HorticultureResearchTechnology

Dealing with Drought

Jeana Cadby

The global water shortage has inspired fast action towards sustainable water usage, especially within the agricultural sector. As one of the biggest users of water worldwide, agriculture is especially vulnerable to drought and extreme weather conditions. In addition to unpredictable water quality and availability, farmers around the world are feeling pressured to reduce water usage while simultaneously increasing irrigation efficiency.

Pioneering water efficiency technology can be an incredibly complicated task, opening up the door for a multitude of approaches to solve the same puzzle. Agricultural technology companies in Canada, such as Hortau and Frontier Agri-Science, have taken a proactive approach to addressing water use efficiency in agriculture. Using advanced algorithms, processed data produces efficient mechanisms for understanding the wealth of information that is gathered with the latest technology. Through biotechnology and advanced data collection and analysis, farmers are able to incorporate cutting edge water-saving technology into existing systems. Such advancements in data-based systems have provided applications for utilizing collected information, while offering a service to farmers that benefits their bottom line as well as water conservation.

Irregular water availability due to prolonged low rainfall periods have provided farmers with little room for error when calculating irrigation applications.

Irregular water availability due to prolonged low rainfall periods have provided farmers with little room for error when calculating irrigation applications.

In the current climate of water quantity and quality, it is time for a systematic upgrade. Many agricultural crops are sensitive to drought and water shortages, and farmers can face dramatically decreased yield due to induced plant stress. While soil moisture and transpiration loss determinations have always played a role in predicting crop water needs, these methods may not necessarily be delivering high water use efficiency forecasts. Canadian based company Hortau provides farmers with irrigation management services using data-based precision application calculations via field-based sensors. The cloud-based platform is retrofit-able for any size farm, providing the benefit of customization based on specific farmer needs.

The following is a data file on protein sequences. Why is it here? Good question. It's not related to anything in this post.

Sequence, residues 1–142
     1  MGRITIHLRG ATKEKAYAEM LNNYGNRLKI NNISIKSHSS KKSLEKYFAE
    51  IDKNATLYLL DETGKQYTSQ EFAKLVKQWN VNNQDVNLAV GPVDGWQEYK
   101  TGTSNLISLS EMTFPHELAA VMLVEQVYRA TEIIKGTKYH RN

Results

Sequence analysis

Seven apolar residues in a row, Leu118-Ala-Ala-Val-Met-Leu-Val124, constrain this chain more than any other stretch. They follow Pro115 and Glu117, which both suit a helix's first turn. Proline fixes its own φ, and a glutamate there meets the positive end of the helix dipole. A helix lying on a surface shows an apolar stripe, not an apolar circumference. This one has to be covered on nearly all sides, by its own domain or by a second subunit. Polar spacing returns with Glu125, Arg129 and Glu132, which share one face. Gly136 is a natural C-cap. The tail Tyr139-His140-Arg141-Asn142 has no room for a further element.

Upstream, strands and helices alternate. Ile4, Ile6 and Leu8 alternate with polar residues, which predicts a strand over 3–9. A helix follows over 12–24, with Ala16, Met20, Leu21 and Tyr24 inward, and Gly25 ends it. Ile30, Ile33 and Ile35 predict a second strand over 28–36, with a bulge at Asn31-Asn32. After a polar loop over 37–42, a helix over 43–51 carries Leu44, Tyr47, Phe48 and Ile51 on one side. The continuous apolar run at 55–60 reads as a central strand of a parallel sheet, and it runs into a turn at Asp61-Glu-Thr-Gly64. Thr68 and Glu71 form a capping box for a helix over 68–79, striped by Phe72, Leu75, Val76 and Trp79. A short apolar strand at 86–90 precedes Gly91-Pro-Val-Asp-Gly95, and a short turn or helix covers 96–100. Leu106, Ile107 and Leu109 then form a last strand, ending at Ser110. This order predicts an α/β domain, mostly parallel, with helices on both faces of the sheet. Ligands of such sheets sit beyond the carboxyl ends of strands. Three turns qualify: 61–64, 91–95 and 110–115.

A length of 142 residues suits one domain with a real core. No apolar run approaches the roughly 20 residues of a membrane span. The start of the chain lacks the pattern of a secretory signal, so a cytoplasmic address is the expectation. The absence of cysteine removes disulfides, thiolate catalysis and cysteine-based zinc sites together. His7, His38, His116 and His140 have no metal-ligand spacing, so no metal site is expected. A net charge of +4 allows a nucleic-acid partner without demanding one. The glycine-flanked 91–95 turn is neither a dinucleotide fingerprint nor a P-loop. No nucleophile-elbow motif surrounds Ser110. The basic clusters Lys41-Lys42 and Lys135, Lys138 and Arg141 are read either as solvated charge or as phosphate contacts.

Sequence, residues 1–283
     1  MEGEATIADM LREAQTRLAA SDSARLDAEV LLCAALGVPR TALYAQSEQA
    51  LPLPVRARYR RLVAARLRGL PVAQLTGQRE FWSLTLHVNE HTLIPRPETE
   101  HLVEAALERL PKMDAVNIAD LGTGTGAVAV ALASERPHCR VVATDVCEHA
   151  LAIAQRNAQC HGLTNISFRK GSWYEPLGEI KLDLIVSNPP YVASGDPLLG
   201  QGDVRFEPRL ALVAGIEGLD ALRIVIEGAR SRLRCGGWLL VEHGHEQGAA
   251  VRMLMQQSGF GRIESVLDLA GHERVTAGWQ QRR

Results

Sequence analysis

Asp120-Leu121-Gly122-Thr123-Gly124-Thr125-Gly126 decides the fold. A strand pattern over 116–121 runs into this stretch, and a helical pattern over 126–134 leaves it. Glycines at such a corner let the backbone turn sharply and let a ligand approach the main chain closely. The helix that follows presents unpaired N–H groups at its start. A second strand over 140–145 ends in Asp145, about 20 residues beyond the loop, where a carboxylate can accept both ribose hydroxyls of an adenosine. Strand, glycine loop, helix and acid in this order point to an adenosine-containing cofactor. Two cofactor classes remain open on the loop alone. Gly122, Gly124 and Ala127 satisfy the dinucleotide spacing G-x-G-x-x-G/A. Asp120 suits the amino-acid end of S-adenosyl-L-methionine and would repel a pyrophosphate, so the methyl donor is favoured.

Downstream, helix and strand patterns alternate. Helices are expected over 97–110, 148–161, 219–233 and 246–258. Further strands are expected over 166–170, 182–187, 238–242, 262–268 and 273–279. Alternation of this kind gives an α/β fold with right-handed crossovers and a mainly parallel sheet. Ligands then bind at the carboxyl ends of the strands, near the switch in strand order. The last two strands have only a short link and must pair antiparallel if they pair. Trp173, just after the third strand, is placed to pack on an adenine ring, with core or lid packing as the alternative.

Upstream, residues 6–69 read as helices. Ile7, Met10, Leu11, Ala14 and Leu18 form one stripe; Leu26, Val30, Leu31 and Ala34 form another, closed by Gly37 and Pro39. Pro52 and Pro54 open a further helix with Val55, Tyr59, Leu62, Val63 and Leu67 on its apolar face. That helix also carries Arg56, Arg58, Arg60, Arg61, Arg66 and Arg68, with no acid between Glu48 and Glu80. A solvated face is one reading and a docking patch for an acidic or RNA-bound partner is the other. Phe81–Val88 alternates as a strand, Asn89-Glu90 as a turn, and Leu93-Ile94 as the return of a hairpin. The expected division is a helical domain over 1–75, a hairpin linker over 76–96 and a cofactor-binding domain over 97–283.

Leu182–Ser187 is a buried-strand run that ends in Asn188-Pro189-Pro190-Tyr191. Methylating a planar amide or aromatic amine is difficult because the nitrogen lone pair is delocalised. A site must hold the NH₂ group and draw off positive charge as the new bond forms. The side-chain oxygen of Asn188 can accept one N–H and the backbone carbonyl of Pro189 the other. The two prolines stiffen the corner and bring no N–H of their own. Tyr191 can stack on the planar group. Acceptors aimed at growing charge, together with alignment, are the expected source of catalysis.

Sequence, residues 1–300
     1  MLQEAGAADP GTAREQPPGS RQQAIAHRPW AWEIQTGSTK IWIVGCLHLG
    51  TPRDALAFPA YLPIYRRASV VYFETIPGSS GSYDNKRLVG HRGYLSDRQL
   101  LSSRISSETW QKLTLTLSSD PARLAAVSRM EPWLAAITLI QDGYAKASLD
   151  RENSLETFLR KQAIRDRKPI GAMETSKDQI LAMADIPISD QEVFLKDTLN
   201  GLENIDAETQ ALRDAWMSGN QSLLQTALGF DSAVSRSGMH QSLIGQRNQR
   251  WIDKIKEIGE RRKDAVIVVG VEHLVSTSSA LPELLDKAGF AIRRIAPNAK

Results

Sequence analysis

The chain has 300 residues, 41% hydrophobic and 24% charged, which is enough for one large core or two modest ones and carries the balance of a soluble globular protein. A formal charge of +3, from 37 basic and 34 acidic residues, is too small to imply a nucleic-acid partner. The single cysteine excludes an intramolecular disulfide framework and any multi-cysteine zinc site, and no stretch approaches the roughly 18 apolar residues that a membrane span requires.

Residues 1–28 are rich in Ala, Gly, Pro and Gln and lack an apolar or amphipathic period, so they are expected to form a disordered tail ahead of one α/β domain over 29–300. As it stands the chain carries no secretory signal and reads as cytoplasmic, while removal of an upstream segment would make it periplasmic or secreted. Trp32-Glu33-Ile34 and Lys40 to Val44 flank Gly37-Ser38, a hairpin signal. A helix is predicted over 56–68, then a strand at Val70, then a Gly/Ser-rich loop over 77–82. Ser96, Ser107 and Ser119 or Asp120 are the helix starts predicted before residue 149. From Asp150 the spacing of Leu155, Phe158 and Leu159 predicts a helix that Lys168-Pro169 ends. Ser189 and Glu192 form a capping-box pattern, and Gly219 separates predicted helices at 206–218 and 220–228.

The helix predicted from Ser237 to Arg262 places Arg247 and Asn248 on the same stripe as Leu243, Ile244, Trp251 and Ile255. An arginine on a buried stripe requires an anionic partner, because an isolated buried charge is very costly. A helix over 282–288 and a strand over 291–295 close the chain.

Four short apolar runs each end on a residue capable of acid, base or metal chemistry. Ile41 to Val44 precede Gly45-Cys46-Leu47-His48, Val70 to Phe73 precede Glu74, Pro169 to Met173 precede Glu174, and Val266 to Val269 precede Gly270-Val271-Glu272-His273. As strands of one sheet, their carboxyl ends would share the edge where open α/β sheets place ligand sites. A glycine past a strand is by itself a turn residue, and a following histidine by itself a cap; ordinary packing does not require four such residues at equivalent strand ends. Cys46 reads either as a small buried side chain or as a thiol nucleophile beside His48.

Through wireless irrigation technology using cloud-based software, farmers can identify regions undergoing plant stress in real time. Soil probes distributed around the farm collect soil moisture data to anticipate plant stress and maximize photosynthesis, which increases yield as well as water use efficiency. Systems are personalized and wireless, allowing for customizable remote control over irrigation equipment. Farmers also have the option to initiate irrigation through regular scheduling, or automatic pre-set triggers based on sensor readings.

Irregular water availability due to prolonged low rainfall periods have provided farmers with little room for error when calculating irrigation applications. Hortau takes the guesswork out of agricultural irrigation using direct measurements of soil tension. Users who seek to understand detailed crop needs within a diverse farming system are able to make educated decisions regarding irrigation applications. Farmers are also informed of predicted weather patterns, which may encourage them to take specific action depending on upcoming precipitation or wind forecasts. Customized sensors may contain two to eight different sensor types, all feeding information to a centralized system. Remote access to the data also allows users simple and rapid access to review calculations for maximized water efficiency.